When you’re competing with Netflix, it helps to have Steve Jobs in your corner. In the early 2000s, Jobs played a vital role in shaping the Walt Disney Company’s business strategy. In this excerpt from their new book Binge Times: Inside Hollywood’s furious billion-dollar battle to bring down Netflix (from William Morrow, a HarperCollins imprint) Dade Hayes and Dawn Chmielewski reveal how Jobs inspired former Disney CEO Bob Iger to take the studio in an aggressive new direction by embracing technology.

In the official, corporate-sanctified narrative of The Walt Disney Company, its drive to invest in its technological capabilities began nearly a generation ago, long before streaming became de rigueur. In that account, two signing deals with Apple’s Steve Jobs signaled the company’s bold new direction under Bob Iger, the affable, camera-ready former weatherman who rose through the ranks at Capital Cities/ABC for becoming the CEO of Disney in 2005. The first culture change movement, within two weeks of Iger taking over as head of the company, allowed customers to buy popular ABC television shows to watch on their new video iPods, and the second was the $7.4 billion acquisition a few months later of Pixar, the computer animation pioneer led by Jobs.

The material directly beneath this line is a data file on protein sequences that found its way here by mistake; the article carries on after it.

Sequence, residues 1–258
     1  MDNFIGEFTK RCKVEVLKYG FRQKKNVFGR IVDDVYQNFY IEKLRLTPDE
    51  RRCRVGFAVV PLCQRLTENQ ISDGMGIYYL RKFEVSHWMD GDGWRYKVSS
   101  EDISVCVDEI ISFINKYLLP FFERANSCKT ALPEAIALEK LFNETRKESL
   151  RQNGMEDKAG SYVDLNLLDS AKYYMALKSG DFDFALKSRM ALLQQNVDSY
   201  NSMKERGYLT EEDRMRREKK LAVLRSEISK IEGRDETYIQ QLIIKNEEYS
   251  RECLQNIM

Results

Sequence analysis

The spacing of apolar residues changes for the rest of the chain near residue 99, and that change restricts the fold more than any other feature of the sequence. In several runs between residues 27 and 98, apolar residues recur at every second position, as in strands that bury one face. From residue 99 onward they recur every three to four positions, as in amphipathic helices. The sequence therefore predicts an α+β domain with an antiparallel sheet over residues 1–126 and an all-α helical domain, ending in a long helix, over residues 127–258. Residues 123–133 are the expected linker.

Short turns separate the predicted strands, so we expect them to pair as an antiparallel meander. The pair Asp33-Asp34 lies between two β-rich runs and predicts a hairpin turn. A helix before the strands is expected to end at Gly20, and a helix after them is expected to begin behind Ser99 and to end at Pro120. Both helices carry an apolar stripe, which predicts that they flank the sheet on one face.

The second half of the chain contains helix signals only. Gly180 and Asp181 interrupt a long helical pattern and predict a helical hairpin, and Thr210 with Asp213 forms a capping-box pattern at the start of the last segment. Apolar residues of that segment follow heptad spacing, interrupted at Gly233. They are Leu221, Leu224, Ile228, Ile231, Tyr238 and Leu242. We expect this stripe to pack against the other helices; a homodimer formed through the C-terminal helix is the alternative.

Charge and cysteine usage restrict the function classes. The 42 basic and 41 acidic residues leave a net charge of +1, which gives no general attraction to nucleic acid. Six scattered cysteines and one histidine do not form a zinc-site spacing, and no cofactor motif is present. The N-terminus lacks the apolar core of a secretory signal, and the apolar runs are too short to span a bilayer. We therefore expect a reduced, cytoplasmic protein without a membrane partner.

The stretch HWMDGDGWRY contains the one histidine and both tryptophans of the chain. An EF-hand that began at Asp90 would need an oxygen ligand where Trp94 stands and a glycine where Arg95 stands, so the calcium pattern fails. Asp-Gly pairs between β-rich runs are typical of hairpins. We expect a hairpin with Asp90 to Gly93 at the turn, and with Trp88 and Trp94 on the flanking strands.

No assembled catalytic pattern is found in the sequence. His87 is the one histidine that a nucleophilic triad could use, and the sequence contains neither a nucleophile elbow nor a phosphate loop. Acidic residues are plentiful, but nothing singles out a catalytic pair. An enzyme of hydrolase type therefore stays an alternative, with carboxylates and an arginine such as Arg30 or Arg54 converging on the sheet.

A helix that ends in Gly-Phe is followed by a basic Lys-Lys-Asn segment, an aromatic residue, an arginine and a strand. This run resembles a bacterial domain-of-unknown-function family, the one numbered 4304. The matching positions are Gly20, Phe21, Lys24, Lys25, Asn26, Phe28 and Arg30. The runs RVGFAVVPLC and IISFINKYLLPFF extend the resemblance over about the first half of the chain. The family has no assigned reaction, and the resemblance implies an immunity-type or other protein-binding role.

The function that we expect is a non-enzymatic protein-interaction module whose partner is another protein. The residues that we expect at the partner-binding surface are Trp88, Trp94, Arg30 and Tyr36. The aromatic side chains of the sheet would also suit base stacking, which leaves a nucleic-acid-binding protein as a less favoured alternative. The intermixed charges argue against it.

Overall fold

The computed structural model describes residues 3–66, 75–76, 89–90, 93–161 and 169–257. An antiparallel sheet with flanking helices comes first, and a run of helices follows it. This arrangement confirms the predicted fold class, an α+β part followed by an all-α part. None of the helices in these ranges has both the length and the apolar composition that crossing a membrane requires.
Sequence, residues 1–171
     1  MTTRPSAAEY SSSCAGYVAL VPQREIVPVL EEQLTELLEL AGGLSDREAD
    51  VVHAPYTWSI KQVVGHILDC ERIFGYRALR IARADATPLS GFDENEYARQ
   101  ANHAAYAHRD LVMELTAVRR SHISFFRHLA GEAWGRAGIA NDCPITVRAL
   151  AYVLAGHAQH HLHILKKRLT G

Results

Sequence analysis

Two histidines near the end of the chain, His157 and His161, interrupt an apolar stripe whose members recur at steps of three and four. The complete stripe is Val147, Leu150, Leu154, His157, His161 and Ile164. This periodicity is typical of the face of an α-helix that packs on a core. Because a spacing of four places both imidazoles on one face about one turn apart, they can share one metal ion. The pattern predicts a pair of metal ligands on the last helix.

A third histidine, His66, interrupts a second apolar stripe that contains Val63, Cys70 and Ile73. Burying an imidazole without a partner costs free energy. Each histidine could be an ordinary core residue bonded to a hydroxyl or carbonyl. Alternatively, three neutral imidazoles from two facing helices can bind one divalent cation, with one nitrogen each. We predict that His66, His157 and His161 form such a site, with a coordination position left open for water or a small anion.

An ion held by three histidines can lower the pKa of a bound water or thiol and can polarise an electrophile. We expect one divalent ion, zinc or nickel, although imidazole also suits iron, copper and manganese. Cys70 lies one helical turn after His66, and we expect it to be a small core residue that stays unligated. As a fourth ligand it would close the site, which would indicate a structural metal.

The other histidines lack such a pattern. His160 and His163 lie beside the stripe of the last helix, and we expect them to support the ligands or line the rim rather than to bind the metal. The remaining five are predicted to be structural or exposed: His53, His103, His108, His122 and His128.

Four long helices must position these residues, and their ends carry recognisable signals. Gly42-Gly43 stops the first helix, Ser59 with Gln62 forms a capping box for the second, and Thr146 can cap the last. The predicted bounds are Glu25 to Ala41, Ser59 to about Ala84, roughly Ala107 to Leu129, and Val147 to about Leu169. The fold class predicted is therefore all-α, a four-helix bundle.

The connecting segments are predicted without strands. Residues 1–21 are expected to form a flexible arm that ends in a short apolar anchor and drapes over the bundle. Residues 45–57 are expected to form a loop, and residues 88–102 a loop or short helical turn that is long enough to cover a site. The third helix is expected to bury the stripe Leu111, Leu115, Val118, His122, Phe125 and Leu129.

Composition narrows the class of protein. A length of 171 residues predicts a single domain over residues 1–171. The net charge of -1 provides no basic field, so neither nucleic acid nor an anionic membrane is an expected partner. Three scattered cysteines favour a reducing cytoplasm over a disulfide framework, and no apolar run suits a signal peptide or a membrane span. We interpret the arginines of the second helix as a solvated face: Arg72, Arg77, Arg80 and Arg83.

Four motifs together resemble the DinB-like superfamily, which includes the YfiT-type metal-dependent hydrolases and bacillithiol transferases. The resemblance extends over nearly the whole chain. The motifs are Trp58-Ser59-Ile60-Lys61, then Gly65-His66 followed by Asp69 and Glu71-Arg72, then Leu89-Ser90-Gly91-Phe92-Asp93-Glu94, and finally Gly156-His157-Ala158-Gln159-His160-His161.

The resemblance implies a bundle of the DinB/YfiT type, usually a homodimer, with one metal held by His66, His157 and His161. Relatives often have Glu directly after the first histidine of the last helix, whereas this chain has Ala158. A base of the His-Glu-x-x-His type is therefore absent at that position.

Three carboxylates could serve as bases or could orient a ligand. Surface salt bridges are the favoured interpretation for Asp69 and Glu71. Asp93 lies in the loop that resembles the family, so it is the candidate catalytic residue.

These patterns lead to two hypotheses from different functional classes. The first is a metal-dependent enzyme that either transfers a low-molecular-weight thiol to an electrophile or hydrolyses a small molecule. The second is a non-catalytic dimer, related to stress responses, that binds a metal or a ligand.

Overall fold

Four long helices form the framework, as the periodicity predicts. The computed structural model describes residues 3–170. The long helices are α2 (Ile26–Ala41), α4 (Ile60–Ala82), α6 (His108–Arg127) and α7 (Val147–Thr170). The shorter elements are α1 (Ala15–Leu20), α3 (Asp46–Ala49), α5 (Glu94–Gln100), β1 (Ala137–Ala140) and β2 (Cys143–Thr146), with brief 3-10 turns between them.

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“It was an interesting time,” Iger recalled in his 2000s memoir, The ride of a lifetime“and marked what I considered to be the beginning of the end of traditional media as we knew it. What really interested me was the fact that almost all traditional media companies, while trying to understand their place in this changing world, were operating out of fear rather than courage, stubbornly trying to build a bulwark to protect old patterns that could not survive the drastic change that was taking place.”

The 21st century record, however, tells a much more complicated story about the timing and extent of Disney’s digital wake-up call. It would waste $1.6 billion on acquisitions as it chased fads, from social media to social games to viral video, that mattered little to its core business. It launched a short-lived digital locker service designed to prop up declining DVD sales years after millions of Netflix consumers demonstrated a preference for watching Disney movies on demand. As in the music industry, piracy would play an irresistible role in forcing change.